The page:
Senior students share what they “wish they had known”

Senior students share what they wish they had known

Kate Alaks, Opinion Editor

Is college looming over your head? Is it making you quake with fear? While that’s certainly likely, RB is trying to help.

April 10, counselors Mike Reingruber, Renee Thomas, and Beth Augustine hosted a panel featuring Senior RB students who have already completed the college search process and the parents of other students.  Called “What I Wish I’d Known,” the panel is an annual event designed to help students with the college search process.

Present this year were students Celia Skvaril, Tyler Campbell, Sarah Benya, Mona Novickas, and Alison Nicolai, as well as parents Lisa Nicolai, Kristin Claire, and Deb Maxwell. All of the students had applied to multiple colleges and been accepted to at least some of them.

The room was crowded with students and their parents hoping to get some helpful hints. The seats quickly filled up, and many people had to stand along the back wall.

The panel members started by discussing some of the things that helped them with the college search process. Some of their suggested resources included college fairs, web sites such as Naviance and College Prowler (both available on the student service page of the RB website), and campus visits.

“Campus visits were very crucial,” Campbell said, “in making sure that I can see myself living there, pretty much, for the next year or maybe even four years.”

Students also had some less anticipated advice to share.

“I know this is silly, but I just learned that you should visit a college on a sunny day,” said Skvaril. “If it’s really rainy and stuff you’re going to feel really gloomy.”

Almost everyone was in consensus when it came to writing personal statements for colleges. Be yourself. Think of all the things that make you unique, and write an essay that expresses who you are.

“I gave it to my English teacher, and it really helped a lot,” said Novickas. “He revised it and let me go through it one more time, and by the time I sent it out, I felt like it described me.”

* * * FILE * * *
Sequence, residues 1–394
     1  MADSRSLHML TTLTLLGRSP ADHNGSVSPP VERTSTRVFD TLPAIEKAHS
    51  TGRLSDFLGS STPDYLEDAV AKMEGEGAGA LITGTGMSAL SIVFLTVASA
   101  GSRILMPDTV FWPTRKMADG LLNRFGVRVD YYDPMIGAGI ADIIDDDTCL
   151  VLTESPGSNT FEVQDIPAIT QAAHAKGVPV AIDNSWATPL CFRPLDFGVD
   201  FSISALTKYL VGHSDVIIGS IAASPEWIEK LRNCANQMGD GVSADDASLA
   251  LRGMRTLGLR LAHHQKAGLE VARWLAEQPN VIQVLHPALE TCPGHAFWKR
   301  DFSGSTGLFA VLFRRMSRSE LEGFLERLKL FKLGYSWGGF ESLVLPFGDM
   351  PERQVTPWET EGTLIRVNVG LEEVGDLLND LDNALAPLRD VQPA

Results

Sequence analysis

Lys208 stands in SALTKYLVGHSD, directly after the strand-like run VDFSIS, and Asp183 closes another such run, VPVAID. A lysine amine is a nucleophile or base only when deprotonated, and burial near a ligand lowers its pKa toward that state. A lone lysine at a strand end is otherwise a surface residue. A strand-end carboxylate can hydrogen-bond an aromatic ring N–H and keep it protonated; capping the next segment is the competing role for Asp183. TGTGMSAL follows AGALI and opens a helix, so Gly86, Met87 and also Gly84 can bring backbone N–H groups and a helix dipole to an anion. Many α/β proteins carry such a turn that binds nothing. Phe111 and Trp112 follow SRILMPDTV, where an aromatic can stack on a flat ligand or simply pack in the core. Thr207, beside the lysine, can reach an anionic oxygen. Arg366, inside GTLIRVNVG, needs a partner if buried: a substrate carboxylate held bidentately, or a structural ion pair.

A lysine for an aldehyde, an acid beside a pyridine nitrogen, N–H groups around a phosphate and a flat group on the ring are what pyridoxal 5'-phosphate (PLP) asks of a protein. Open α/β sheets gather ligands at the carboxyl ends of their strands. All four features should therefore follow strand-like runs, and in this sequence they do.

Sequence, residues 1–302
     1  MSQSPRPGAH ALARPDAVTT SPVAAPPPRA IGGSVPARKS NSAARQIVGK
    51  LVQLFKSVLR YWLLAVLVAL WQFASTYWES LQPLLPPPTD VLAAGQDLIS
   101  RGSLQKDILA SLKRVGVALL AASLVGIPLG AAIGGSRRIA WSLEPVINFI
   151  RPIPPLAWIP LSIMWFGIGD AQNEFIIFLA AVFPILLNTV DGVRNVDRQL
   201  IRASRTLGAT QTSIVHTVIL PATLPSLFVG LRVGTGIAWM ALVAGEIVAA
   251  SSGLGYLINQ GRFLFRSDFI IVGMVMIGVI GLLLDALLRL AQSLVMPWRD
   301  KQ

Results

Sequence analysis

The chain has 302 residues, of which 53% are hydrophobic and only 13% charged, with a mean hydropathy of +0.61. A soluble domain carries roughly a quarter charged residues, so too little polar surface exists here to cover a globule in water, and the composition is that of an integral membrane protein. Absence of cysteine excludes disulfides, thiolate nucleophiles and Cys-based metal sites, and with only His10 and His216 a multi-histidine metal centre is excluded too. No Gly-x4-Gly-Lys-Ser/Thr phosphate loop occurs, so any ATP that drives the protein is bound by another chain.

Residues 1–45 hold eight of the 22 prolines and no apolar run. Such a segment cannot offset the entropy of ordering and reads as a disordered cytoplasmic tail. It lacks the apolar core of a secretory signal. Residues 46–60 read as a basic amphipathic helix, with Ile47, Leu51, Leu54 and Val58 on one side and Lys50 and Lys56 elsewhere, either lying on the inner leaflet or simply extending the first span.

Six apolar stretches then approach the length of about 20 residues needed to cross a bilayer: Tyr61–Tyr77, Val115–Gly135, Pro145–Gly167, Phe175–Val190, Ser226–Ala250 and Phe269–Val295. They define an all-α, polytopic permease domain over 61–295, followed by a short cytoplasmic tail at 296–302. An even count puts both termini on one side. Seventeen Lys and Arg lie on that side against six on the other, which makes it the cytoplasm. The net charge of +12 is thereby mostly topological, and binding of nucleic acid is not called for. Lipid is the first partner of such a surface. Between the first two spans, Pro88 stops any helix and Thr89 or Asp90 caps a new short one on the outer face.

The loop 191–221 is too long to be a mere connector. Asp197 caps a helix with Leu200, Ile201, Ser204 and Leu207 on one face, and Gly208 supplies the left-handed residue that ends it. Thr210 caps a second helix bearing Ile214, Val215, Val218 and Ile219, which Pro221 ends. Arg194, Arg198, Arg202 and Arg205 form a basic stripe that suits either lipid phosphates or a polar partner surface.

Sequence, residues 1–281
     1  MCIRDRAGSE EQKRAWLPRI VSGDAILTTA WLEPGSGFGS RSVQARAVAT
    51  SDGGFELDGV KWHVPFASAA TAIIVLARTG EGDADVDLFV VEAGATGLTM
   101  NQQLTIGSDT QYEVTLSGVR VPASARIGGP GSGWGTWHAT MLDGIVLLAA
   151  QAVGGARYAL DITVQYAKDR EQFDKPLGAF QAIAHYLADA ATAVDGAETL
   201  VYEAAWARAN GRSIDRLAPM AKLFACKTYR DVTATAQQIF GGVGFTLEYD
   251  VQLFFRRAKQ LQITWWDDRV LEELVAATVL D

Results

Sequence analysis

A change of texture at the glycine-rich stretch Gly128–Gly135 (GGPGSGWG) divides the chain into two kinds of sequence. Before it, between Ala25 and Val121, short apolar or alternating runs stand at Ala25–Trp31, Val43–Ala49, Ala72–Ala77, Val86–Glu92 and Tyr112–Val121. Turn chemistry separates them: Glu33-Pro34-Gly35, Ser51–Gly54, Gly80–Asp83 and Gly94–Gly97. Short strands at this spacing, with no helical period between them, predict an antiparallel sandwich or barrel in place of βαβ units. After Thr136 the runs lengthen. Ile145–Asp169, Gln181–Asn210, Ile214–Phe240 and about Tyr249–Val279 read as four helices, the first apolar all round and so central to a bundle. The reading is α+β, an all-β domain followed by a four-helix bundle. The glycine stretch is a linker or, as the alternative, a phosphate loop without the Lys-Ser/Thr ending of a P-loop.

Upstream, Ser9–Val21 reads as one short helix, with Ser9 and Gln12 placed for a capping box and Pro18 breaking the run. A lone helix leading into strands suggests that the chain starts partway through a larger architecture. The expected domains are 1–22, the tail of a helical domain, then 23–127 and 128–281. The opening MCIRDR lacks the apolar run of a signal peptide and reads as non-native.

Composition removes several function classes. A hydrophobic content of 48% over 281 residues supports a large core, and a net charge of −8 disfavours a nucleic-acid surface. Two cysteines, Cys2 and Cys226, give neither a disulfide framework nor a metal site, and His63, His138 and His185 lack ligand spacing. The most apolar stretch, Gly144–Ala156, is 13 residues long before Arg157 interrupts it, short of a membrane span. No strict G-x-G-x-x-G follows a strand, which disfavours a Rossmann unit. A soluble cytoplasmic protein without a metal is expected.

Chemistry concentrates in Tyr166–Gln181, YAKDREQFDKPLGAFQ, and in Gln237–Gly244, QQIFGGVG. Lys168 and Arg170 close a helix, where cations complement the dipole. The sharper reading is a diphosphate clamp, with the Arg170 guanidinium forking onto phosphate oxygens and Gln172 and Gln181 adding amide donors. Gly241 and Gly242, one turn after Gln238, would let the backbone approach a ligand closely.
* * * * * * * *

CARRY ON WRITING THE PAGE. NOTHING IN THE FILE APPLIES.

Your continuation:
Maxwell suggested keeping a file folder of artifacts from clubs and activities to remind you of what had happened over the past four years.

Of course, financial aid was a much-discussed topic, including FAFSA and scholarships.

“Apply for as many scholarships as you can,” Nicolai said. “There’s scholarships for everything, like being left-handed, or like making your prom dress out of duct tape.”

Overwhelmingly, one of the most frustrating things of the application process was waiting to find out if you were accepted.

“Your mind eats itself up,” said Benya.

In second place came deciding where to apply and which school to actually go to, as well as the time crunch.

The final part of the presentation dealt with the title “what I wish I’d known.”

Most were surprised at how competitive the process had been and how much work it was. Some thought they should have gotten started earlier, or had a clearer idea of what they were looking for in a school. Almost everyone recommended making as much use as possible of the summer before senior year, since once school starts again, everything moves very quickly. But despite the pressures of the college search, no one should give up hope.

“You can make yourself happy anywhere,” Skvaril said. “It’s not giving up if you don’t get into your dream school because it could [turn out to] be your dream school.”